Sokolowski, Banks Present Medical M&S Research in Copenhagen
VMASC executive director John Sokolowski, and Dr. Catherine Banks returned from the 13th Annual Network for Advancement of Transfusion Alternatives (NATA) Symposium with a wealth of information and a sense of validation that the immersive simulation training tool under development at VMASC is of great interest to medical professionals throughout Europe and Africa. VMASC’s Patient Blood Management tool is a clinical approach to patient safety aimed at improving patient outcome by minimizing or eliminating blood transfusions.
The medical conference, attended by over 500 primarily physicians from 38 countries including Nigeria and South Africa, is an international network of medical practitioners and researchers whose primary goal is to provide education in the field of transfusion medicine, with a specific focus on transfusion alternatives. Sokolowski and Banks quickly learned that the Patient Blood Management Training Tool can well-serve this audience in meeting their mission. Specific interest in the tool came from physicians from Great Britain, Denmark, Poland, and Nigeria. Interestingly, these countries are all at different levels of capability in terms of transfusion alternatives and patient blood management.
British doctors were so interested that they offered to be a beta test site for our simulation software; the site would be the medical school and hospital that is associated with Oxford University. Poland also has an interest in patient blood management as the means of providing a gold standard of care. Aryeh Shander, medical collaborator on the tool, traveled to Krakow to train physicians at a hospital there. As a result, many Poles throughout the country travel to the Krakow for surgery.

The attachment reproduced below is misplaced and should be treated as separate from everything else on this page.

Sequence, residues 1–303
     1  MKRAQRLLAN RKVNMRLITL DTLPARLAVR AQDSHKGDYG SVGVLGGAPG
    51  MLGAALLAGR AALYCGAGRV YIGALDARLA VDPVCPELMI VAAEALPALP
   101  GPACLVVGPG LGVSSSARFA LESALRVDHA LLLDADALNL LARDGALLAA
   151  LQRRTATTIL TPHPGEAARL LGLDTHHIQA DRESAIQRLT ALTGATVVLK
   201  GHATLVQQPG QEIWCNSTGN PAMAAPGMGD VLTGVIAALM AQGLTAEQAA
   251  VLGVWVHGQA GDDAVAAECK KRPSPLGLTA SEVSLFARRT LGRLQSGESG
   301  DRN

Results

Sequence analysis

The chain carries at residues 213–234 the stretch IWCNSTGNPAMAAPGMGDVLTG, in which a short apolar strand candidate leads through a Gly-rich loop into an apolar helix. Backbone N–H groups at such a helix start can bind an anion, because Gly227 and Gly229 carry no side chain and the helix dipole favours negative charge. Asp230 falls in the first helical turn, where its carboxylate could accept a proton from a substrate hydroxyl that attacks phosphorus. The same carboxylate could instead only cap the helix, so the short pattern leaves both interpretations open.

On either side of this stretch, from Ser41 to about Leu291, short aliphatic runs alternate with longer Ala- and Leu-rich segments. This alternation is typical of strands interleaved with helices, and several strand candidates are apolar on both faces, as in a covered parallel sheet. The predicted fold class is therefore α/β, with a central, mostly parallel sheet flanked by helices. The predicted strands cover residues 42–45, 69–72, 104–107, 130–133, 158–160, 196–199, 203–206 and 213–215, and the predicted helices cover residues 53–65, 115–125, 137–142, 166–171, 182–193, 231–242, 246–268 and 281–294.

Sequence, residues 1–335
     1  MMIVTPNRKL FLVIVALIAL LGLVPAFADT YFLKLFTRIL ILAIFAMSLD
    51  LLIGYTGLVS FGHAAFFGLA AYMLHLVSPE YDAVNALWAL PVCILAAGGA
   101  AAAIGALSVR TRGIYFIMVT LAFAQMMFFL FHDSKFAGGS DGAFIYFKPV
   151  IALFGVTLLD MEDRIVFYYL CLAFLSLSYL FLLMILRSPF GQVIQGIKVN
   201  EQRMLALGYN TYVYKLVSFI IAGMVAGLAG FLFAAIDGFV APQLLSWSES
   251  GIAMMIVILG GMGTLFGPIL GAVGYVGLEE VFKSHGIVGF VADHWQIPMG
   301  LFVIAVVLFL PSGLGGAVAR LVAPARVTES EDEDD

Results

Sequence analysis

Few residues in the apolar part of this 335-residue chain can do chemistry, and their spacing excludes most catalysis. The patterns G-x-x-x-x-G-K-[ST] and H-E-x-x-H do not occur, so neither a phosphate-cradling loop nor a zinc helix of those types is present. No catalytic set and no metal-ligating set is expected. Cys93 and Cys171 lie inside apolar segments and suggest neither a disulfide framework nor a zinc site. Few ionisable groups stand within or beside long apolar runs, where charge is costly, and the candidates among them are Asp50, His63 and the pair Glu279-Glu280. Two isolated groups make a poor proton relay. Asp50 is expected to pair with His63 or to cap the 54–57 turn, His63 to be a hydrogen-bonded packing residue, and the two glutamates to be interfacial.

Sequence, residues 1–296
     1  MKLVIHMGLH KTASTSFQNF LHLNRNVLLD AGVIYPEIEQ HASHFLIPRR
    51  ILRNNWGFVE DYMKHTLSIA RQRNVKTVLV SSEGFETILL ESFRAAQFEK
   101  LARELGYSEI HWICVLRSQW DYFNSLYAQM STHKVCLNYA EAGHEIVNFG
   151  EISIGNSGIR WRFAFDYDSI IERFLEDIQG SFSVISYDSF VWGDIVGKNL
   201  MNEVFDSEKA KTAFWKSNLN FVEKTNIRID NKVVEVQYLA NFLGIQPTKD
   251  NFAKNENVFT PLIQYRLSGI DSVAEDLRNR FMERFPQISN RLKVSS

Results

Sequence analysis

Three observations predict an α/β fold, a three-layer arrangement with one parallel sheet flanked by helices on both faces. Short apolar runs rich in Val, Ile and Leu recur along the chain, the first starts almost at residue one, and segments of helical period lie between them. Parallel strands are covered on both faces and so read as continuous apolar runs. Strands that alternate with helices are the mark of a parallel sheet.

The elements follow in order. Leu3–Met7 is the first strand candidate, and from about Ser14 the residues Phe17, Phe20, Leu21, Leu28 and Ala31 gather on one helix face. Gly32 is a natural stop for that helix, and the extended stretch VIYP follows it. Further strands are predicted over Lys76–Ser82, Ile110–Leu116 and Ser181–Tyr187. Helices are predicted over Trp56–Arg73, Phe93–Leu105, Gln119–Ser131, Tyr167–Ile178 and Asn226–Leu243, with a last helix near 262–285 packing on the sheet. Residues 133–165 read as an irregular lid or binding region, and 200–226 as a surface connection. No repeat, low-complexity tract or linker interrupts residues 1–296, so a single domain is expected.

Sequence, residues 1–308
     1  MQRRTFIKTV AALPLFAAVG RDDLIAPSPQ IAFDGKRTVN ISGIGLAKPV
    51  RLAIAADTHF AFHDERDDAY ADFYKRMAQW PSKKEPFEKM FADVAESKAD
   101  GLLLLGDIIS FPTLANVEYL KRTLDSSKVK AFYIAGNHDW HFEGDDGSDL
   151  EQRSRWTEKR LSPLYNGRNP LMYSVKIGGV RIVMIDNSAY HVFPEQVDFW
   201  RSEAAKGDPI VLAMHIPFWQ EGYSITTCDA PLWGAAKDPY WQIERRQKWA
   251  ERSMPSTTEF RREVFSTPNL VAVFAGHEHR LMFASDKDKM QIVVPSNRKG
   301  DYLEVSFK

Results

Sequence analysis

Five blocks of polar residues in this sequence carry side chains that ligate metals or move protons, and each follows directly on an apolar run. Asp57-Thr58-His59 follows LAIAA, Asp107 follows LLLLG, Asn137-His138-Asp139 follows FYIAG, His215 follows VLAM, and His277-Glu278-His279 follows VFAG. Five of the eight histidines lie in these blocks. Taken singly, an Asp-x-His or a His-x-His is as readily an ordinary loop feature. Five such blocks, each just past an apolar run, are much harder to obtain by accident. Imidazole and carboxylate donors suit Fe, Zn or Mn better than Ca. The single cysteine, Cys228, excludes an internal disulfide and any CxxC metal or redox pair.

Denmark has the highest percentage of transfusion in all of Europe. Dr. Astrid Norgaard, Copenhagen University Hospital, represented research to what has been the standard practice of 2-unit transfusions in surgical patients questioning why the practice has not been revised. Her findings were that the transfusion training holds to a dichotomous view: liberal or restricted. In Denmark the approach is liberal. In speaking to Drs. Sokolowski and Banks, Norgaard expressed deep concern that this is not a patient-centered approach. Her task from the hospital administration is to realign that training and thinking to a restrictive approach. Needless to say, her interest in the VMASC project was profound.
As for Nigeria, their greatest problem with blood and blood products used for transfusion is that they lack the means to adequately screen donors. Alarmingly, HIV is highly prevalent in Nigeria. Dr. Nathaniel Usoro commented on the fact that he applied the patient blood management standard of care to all his patients; less due to the fact that he has major concerns about the blood supply available for transfusion, but more because he believes all patients should receive individualized medical attention that focuses on patiently treating the patient to recover using alternative therapies such as iron, B12, erythropoietin (to encourage red blood replacement).
The simulation training tool using actual patient cases has been developed to train or newly educate physicians via interactive, immersive instruction focusing on blood management decision-making. All of these individuals, in representing their institutions, spent a good deal of time with Drs. Sokolowski and Banks, expressing the desire to make use of the training tool when it becomes available.
Overall, the NATA conference proved an excellent opportunity to network with our European colleagues. The VMASC poster was heavily visited every day. Information brochures were made available for these visitors. And hopefully, future partnerships were formed. Click here for more information about VMASC's Patient Blood Management simulation tool.